The Pakistani president met his Afghan counterpart Hamid Karzai shortly after arriving on a two-day trip that comes amid calls for Islamabad to do more against Taliban and al-Qaeda fighters based in Pakistan's tribal areas.
With ties frayed between the two neighbours over who is to blame for cross-border movement of militants, Musharraf said mutual trust was essential if the insurgency in Afghanistan was to be quelled.
"The only course left is to have trust - kill mistrust, don't blame each other.
"If we don't trust each other, there is no moving forward. If we carry on the course of accusations and counter-accusations, we will never achieve peace and we will never be brothers."
"Not hiding Osama"
The Muslim neighbours had a heated exchange this year after Musharraf dismissed Afghan intelligence about Taliban and al-Qaeda leaders allegedly living in Pakistan as "nonsense".
The Pakistani president said his country and Afghanistan were battling the threat of al-Qaeda, the Taliban and the "Talibanisation" of society.
"If we don't trust each other, there is no moving forward. If we carry on the course of accusations and counter-accusations, we will never achieve peace and we will never be brothers"
"After 9/11, we are seeing the scourge of terrorism. This terrorism was in the form of al-Qaeda, it still is, but it has now transformed and taken the form of Talibanisation," Musharraf said. "We have to fight both."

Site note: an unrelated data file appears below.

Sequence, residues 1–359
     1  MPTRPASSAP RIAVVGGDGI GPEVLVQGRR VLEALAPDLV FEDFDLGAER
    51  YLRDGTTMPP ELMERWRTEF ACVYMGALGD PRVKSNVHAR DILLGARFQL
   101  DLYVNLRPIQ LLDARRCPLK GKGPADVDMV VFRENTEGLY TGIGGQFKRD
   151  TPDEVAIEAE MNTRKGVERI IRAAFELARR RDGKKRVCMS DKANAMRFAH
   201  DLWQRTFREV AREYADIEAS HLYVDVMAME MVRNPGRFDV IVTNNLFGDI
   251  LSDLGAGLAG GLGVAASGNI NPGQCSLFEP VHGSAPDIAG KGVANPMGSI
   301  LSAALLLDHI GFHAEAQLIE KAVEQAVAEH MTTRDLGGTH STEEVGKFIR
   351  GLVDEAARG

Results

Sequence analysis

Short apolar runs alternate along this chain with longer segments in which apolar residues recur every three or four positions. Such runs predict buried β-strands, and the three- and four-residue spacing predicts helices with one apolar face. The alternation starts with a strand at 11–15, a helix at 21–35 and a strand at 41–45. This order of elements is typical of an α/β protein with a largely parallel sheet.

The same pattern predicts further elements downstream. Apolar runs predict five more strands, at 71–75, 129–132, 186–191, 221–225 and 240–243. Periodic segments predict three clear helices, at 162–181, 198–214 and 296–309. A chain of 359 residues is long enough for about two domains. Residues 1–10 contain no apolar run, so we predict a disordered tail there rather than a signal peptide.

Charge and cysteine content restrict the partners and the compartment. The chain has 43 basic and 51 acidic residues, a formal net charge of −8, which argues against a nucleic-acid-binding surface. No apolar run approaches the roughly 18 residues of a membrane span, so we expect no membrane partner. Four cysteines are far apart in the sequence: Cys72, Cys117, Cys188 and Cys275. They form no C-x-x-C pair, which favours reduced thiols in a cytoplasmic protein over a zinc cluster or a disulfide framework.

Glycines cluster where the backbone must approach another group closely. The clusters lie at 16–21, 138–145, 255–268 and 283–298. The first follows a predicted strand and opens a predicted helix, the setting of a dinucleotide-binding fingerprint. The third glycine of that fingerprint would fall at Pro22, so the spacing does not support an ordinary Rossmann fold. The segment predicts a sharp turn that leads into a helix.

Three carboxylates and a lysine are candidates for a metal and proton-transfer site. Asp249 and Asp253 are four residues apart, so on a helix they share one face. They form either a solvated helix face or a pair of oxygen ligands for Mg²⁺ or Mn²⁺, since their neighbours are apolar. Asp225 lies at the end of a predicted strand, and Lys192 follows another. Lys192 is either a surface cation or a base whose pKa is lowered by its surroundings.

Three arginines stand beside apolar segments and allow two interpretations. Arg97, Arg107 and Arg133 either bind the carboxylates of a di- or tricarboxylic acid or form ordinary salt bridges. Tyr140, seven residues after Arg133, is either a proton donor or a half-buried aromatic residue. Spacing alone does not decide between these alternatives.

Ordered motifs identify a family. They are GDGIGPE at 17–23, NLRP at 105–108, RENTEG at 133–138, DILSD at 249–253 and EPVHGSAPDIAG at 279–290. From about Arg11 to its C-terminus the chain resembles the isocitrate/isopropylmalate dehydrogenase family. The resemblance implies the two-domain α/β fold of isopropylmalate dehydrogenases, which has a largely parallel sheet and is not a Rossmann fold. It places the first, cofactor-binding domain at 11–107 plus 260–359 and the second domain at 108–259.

Musharraf assured Afghanistan on Wednesday that his country was "fighting terrorism in all its forms [and] whatever we are not achieving is not through intention".
He rejected speculation that Pakistan's government or intelligence agency were hiding Osama bin Laden.
"It's very difficult to get him, as maybe it is difficult to get [Taliban leader] Mullah Omar in the Kandahar region ... Mullah Omar is not in the bag, Osama bin Laden is not in the bag.
"Please don't think that somebody is collaborating and letting him live there in hiding and the government of Pakistan is hiding him and ISI [Pakistan's military intelligence service] is hiding him."
No foreign forces
Musharraf also said Pakistan would never allow foreign forces - hunting al-Qaeda and Taliban fighters on the Afghan side of the border - onto its side of the border.
"On our side of the border there will be a total uprising if a foreigner enters that area," he said. "It's not possible at all, we will never allow any foreigners into that area. It's against the culture of the people there."
The Pakistani leader gave reassurances that a "peace deal" reached by Islamabad on Tuesday with pro-Taliban rebels in the North Waziristan tribal belt along the Afghan border was intended to curb militant activity.
"On our side of the border there will be a total uprising if a foreigner enters that area ... we will never allow any foreigners into that area"
The deal was "no Taliban activity on our side of the border or across the border in Afghanistan", Musharraf said.
Karzai welcomed the agreement as a "positive step." He said Afghanistan would wait to see if it proved effective.
"Let's wait. If it works well, we are happy. If it doesn't work we'll find another way."
The Afghan leader also offered assurances to Pakistan that it was not allowing Pakistan archrival India to use Afghan soil for supporting tribal militants fighting against Pakistan's government.
"By the fact of the experience of the past 27 years of invasions, misery and interference, Afghanistan needs the best of relations with Pakistan," Karzai said.